Monday, October 5, 2009

BOOK: Souvenir of Canada by Douglas Coupland

Souvenir of Canada by Douglas Coupland, 140 pages

3rd Canadian Book Challenge; Dewey Decimal Challenge: 971

I love the way Coupland writes, I love the way he words things. I love the pop references in his book. I knew I loved the way he put ideas together, and then I saw the collection of still life photographs he fashioned to represent Canadians and Canada, and it was complete. Coupland can do no wrong.

The book is written for Canadians, as we share our cultural history and nod and go hmm mmm, and then remember to say "Good book, eh?" It would provide some insight into Canadians you might know, but I'm not sure how many in-jokes are present. Maybe a lot. Maybe they aren't jokes though. We are different from Americans, even as we share so much of their culture that we feel we know them. Did you know that Canadians can buy their milk in 1L plastic bags, that we put into a milk container and then cut open and pour?

Part of the appeal for me is that Coupland is only a few years older than me, we are the beginning of Generation X, surviving in the shadow of the Baby Boomers, so we share a history of experiences just for growing up in the same time periods.

The book is written in a series of chapters or vignettes, in somewhat alphabetical order, that could be an encyclopedia of Canada. Coupland is not afraid to show his biases, and his perspective on the topics, and they range from the humorous to the serious, how we speak cereal French to the FLQ. Just watch me.

I returned this to the library a while ago, but I jotted down the titles of some chapters to remind me of the book. For you Canadians, can you guess why they were included?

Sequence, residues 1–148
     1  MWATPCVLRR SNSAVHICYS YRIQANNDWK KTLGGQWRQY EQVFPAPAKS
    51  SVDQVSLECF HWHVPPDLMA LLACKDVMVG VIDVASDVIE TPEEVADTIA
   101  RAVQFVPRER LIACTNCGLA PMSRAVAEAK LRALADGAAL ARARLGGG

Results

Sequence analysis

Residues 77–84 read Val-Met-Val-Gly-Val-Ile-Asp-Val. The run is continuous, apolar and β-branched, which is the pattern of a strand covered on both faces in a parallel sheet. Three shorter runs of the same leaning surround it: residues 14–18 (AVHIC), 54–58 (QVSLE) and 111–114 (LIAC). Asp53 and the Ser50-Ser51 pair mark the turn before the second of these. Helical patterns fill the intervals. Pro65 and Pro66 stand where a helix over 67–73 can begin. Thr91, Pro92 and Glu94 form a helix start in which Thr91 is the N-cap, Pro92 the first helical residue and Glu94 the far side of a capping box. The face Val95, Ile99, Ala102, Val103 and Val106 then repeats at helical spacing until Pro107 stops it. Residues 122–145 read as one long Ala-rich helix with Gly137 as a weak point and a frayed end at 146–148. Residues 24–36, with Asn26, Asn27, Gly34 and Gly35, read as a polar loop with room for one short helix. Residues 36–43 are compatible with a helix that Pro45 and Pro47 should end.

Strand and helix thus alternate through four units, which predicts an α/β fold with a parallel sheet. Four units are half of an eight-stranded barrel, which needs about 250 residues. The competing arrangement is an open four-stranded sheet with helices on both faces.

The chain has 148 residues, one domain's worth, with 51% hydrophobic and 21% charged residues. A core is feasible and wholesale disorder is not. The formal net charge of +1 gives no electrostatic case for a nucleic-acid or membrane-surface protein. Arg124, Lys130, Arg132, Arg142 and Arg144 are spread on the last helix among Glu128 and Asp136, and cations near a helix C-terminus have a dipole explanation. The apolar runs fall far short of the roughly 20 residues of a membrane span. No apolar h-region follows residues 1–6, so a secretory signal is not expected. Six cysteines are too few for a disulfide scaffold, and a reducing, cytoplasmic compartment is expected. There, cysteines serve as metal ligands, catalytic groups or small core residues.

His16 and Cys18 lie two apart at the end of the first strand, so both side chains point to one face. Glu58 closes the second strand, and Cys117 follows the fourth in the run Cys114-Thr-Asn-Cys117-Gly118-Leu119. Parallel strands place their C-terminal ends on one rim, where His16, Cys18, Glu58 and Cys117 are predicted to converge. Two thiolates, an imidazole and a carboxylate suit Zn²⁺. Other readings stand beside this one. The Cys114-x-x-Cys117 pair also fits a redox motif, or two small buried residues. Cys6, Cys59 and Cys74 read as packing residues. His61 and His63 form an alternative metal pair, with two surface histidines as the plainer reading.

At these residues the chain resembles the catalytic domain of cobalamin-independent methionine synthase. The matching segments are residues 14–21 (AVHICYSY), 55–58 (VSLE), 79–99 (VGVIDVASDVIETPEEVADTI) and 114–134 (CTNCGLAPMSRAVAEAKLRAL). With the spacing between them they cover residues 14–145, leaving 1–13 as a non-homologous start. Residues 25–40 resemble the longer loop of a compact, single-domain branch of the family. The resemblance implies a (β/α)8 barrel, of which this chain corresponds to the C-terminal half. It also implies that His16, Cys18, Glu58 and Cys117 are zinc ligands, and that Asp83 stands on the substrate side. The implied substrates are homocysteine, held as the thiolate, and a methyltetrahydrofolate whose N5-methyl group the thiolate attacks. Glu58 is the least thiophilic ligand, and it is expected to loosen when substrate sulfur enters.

Capitaine Crounche
Chocolate
DEW line
Distance
Flies
FLQ
Newfoundland
Ookpik
Poutine
Stubbies
222s
Vinegar
Water
Wildlife
Zed

6 comments:

Kailana said...

I really must read this. The library has it, so I have no excuse!

Sue Jackson said...

I went to college with a lot of Canadians (Clarkson University in very northern NY), but I have to admit I didn't understand most of those chapter title references! (our school has a great hockey team but no football team!)

However, I do know about milk in plastic bags. Back in the days of home milk delivery (70's), our local dairy delivered our milk that way - in plastic bags (in our little metal milkbox by the front door) that we snipped the corner off of and put into a plastic container. I didn't know those were still around!

Sue

Court said...

Wait.... you mean that milk in plastic bags isn't what everyone does? Seriously? How do they get their milk packaged?

tinylittlelibrarian said...

I have a weird anti-Coupland thing because years ago I tried to read Generation X and didn't like it, but he did that book on Terry Fox, so I can forgive him a lot for that. And this one actually looks cool!

Arg, I'm sure I know what 222s refers to but can't think of it. Is it something to do with beer?

Vinegar because we put it on our chips?

Poutine is self-explanatory, it's all the foods you love combined! My very American husband even admits it's fabulous and thanks Canada for that contribution to world cuisine.

Zed because that's how the alphabet ends! None of this zee crap.

raidergirl3 said...

kailana - go get it! It's one I'd like to own actually. There is a sequel as well.

sue - we definitely still have milk in bags, but home delivery just ended in the last year or so.

court - I know! I was shocked to find out that it is mostly in Canada, and that most places have never seen milk in bags. It's so easy on the garbage. You'd think environmentally that there were would be more of it.

raidergirl3 said...

tiny little librarian -
Please try Coupland again. I read Gen X after I read some of his other wonderful novels. I really didn't get Gen X and it is very different from the other novels. Hey Nostradamus, Eleanor Rigby, The Gum Thief, are well worth while.
I have the Terry Fox book and it is wonderful. This book is much like that, with short vignettes, and lots of pictures.

222s are the strong pain pills that can/could be easily bought over the counter in Canada. I guess they are more restricted elsewhere.
Yes, on the other ones. I haven't had poutine in a while - I can get it in the school cafeteria any day, but I try to limit myself. It's so bad/delicious for you.